CTVNews.ca Staff, with a report from CTV Edmonton’s Dan Grummett


Published Saturday, February 9, 2019 10:00PM EST


Last Updated Saturday, February 9, 2019 10:07PM EST

A team of doctors in Edmonton are remotely helping patients seeking treatment on a hospital ship that travels up and down the West African coast.

Once a Danish passenger ferry, today the Africa Mercy is the largest non-governmental hospital ship in the world. Staffed by a 450-strong volunteer crew, the ship is operated by Mercy Ships, an international charity. The Africa Mercy generally spends about 10 months at each port.

“For a lot of our patients, they’ve dreamed of this white ship coming,” Scottish radiology technician Martha Henderson told CTV News from Conakry, Guinea. “The conditions that we see are the conditions of poverty.”

Most of the patients Henderson meets have tumours on their heads, necks and mouths that have grown dangerously large.

“It could happen to you at home,” she said of such masses. “But it would never get to the extent of some of the patients that we see.”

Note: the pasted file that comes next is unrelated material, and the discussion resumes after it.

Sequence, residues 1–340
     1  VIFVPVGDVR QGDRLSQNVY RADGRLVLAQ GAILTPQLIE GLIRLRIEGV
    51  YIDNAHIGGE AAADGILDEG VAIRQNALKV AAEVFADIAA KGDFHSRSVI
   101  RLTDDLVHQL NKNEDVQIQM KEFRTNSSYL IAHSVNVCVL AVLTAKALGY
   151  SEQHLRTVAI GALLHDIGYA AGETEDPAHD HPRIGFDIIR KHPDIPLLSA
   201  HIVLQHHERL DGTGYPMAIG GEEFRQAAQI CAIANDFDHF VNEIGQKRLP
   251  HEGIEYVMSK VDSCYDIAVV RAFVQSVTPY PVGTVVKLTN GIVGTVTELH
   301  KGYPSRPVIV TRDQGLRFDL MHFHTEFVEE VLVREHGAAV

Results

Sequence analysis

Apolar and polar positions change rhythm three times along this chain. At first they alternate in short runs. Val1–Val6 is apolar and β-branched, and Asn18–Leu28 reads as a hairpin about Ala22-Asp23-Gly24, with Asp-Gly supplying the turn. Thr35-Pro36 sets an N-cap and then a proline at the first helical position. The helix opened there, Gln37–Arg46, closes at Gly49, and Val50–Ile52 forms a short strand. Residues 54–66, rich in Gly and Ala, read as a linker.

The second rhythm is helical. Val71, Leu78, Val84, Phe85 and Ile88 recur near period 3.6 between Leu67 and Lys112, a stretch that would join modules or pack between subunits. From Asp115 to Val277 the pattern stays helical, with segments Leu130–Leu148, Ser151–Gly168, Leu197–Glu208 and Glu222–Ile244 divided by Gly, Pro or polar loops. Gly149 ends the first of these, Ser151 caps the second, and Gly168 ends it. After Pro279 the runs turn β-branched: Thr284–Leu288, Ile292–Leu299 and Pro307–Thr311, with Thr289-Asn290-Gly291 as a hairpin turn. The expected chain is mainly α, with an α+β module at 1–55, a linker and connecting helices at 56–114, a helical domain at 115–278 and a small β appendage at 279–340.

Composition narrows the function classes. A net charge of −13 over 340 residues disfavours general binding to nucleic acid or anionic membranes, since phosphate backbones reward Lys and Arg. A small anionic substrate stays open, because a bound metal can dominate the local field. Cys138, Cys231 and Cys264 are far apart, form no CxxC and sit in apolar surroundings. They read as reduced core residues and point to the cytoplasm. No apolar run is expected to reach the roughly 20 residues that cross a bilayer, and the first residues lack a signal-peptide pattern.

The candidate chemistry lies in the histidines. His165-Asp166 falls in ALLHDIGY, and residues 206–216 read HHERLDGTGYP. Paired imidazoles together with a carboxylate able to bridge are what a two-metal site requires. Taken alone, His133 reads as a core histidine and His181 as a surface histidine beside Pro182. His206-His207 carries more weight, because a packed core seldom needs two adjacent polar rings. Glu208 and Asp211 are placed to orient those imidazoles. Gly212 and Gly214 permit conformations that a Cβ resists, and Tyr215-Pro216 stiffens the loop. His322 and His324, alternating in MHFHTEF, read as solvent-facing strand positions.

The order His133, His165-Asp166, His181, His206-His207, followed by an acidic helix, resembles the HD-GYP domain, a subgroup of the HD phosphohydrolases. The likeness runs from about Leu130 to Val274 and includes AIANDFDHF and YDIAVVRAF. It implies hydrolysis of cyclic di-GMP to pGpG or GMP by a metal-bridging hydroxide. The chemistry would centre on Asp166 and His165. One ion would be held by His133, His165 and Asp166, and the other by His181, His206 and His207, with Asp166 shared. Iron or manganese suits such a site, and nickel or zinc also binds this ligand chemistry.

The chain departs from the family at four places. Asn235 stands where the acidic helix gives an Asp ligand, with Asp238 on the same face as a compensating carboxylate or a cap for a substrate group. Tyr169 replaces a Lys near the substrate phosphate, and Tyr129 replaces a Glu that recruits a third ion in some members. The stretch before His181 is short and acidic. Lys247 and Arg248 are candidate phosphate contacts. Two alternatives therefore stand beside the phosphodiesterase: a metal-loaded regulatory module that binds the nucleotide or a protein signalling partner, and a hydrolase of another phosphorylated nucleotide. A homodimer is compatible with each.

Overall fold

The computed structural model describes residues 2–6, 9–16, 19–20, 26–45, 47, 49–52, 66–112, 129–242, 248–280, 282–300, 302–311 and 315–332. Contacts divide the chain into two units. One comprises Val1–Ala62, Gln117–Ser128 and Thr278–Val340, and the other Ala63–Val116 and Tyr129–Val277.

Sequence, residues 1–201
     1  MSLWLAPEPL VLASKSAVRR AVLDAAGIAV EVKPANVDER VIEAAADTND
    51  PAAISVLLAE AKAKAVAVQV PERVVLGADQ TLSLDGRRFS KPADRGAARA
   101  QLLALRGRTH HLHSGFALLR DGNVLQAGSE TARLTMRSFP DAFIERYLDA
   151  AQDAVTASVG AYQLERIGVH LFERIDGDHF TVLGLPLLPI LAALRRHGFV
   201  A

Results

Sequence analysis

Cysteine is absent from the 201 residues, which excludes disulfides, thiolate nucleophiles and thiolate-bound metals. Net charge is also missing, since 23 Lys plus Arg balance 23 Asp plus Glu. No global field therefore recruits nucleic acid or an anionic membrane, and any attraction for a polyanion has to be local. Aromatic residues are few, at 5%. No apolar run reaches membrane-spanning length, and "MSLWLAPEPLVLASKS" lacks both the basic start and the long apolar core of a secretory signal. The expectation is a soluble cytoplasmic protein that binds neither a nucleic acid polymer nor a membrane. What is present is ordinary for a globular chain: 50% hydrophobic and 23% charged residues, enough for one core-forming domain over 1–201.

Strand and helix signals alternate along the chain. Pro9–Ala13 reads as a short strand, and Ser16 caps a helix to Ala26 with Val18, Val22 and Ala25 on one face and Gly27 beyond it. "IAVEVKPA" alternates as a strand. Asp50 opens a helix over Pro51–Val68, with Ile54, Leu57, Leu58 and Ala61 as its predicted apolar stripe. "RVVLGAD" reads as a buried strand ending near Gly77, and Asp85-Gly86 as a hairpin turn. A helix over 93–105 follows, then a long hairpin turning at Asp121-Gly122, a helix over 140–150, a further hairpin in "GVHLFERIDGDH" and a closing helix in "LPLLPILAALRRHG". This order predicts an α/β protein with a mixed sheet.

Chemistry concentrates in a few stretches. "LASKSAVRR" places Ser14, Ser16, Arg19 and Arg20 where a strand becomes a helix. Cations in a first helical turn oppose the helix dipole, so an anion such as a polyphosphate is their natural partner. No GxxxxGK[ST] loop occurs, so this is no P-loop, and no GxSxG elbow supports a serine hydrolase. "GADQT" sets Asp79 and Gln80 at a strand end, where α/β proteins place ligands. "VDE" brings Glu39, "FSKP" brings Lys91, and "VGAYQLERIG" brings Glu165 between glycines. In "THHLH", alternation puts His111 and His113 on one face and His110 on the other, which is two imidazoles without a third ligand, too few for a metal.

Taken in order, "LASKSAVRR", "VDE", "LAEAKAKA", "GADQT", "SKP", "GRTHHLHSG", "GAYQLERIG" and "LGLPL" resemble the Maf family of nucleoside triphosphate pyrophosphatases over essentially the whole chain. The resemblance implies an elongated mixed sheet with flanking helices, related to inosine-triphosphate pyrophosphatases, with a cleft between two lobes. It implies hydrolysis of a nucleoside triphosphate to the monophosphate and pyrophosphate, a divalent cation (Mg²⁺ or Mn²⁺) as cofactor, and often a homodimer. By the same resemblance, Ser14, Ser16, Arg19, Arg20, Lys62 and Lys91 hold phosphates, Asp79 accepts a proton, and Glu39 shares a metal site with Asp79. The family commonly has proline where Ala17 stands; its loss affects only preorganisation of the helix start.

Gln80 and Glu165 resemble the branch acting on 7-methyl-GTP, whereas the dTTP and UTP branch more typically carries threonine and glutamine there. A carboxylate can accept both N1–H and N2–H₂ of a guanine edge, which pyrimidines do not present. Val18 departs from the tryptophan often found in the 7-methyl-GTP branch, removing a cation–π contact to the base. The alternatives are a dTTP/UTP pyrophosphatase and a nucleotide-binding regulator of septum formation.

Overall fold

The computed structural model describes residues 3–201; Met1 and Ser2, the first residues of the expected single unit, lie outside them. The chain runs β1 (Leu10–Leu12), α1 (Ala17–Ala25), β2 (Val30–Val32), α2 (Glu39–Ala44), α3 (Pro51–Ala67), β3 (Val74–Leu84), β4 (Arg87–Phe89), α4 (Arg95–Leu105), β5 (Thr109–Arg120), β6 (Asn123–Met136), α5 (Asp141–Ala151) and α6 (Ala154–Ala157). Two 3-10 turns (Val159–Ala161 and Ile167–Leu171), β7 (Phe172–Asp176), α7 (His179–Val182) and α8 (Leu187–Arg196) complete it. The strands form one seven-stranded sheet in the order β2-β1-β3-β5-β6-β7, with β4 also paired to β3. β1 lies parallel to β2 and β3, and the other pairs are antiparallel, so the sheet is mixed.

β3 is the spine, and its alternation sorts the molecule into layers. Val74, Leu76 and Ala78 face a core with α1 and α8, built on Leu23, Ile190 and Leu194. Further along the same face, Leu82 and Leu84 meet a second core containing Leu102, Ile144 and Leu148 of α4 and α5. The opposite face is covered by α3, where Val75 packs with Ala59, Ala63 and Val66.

While the Africa Mercy contains advanced medical equipment that many West African hospitals lack, it is missing one very important thing.

“We do not have a full-time radiologist,” Henderson said.

That’s where Edmonton-based radiologist Dr. Greg Raymond and his team are stepping in.

After patients receive scans or X-ray aboard the ship, the images are sent to Edmonton for analysis. Raymond and his colleagues then advise onboard surgeons how to proceed. Over the past decade, they say they’ve reviewed thousands of cases — and all in their spare time.

“It was at first overwhelming,” Raymond told CTV News. “But there’s a great joy that comes with knowing we’re actually helping them.”

While the news Raymond and his team deliver from afar is not always positive, they still play an indispensable role on the Africa Mercy.

“We need them,” Henderson said.





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